I’m engaged in my own business expansion. I’m spending more, hoping to make more, hoping to make more than enough to appease the mortgage company and return my finances to comfortably enough. My needs are smaller. That’s one of the advantages of consulting. I need enough room for me, my computer, a few supplies, and my clients. Pull up a chair. Have a cup of tea. Let’s talk. I’ve been doing that from my home, but the possibility of foreclosure generates bizarre traffic around the house. Buzzards are more discrete as they wait for their meal. So, I am renting a small bit of counter in a co-work space with an excellent view in downtown Langley, getting myself and business into a more reasonable environment. So far I’ve had lots of traffic, but no more business – yet. Step by step, this can work, but no step comes with guarantees.
Downtown Langley is like many small towns I’ve seen. Change is generational. Ideas and plans pop up and play, but persistent habits can squelch plans based on old stories. “Oh, no one has ever run a successful business from that spot, so you won’t either.” Generational changes happen in waves that don’t have to coincide with larger economic trends. In Langley’s case, there almost may be synchronicity. The economy does seem to be improving. This tourist season seems busier than the last few years. The coffeeshops are busier. The farmers’ markets seem to be drawing larger crowds. At the same time, the recent economic turmoil, and a desire or need to step away means many businesses are hunting for new owners. Corner businesses are empty, waiting for new tenants, and the potential tenants are waiting for whatever support they can find. Ideally, the spots would have been filled before the traffic returned, but maybe the tight parking will prove to someone that it will be profitable to fill the vacancies now.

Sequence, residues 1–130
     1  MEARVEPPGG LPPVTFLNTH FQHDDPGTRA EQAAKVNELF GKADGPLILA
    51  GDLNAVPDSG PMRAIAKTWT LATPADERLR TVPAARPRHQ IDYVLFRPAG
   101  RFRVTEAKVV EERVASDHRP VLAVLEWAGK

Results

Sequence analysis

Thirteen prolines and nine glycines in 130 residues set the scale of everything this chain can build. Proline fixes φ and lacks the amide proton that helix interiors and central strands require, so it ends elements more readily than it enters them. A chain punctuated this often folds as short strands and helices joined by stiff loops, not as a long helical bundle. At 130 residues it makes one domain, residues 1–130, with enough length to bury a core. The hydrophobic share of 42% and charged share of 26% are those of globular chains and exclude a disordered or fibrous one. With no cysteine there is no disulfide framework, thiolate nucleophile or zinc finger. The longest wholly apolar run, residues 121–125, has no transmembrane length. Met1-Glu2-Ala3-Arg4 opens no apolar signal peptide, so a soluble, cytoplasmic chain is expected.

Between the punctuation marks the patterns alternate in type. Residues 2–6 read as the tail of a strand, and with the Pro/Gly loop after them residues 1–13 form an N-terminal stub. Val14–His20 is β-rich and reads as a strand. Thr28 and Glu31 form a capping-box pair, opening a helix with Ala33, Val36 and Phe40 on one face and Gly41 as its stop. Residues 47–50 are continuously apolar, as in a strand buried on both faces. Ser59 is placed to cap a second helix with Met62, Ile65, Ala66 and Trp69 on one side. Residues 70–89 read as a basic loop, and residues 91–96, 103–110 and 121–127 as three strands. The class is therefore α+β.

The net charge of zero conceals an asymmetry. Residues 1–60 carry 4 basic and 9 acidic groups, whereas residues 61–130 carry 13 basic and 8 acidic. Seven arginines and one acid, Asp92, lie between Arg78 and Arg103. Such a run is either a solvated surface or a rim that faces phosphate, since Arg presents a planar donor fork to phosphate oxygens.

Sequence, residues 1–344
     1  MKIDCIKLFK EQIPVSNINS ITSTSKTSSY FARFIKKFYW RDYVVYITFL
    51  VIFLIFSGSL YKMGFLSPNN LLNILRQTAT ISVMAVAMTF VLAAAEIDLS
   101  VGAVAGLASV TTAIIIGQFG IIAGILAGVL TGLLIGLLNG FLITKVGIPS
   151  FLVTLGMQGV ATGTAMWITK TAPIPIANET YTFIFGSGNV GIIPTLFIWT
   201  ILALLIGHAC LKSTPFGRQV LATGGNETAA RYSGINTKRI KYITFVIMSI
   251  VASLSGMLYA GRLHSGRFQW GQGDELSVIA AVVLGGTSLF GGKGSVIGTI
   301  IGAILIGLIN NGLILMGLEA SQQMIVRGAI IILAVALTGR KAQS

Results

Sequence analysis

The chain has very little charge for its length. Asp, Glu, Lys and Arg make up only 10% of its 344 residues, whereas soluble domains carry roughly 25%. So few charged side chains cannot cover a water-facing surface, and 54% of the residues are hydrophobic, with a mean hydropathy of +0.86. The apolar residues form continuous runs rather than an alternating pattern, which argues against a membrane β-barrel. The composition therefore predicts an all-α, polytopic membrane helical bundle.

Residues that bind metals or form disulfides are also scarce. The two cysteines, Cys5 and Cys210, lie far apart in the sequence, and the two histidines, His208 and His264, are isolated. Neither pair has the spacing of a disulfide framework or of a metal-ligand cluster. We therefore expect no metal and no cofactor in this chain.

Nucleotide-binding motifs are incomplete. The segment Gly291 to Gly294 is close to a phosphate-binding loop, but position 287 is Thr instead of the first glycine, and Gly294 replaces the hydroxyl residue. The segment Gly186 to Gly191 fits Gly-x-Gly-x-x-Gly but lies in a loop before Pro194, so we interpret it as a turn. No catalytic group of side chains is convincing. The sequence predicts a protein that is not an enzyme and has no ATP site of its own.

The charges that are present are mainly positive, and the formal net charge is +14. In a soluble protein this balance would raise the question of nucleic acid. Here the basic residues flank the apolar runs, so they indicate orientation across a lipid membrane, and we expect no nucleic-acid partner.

One of the advantages of working downtown, both streets of it, is the opportunity to visit my friends in their shops during my breaks from the computer. During one of my breaks, a friend and I kicked around an old idea that continues to appeal. Langley may be know for chocolate in various ways, and has more than enough coffeeshops, restaurants, and bookstores, (and even a fine outdoor gear shop), but it’s identity is more as an art community. Years ago, I was part of another group that proposed turning downtown Langley into an art campus by housing a variety of types of art in the various empty buildings. Each would be a place to sell, watch, learn, and maybe make art. There’d be more to do in addition to drinking coffee or wine and indulging in chocolate. We presented our idea to City Hall. It failed. Ironically, one of the more successful businesses is now a glass blowing facility in the old firehouse. Tourists would have more to do. Artists would have another stream of income by teaching classes, a high profit margin business. And by distributing the venues, tourists would naturally walk by the existing businesses. Ah, but we knew we were talking about big chickens and big eggs, so we both got back to work.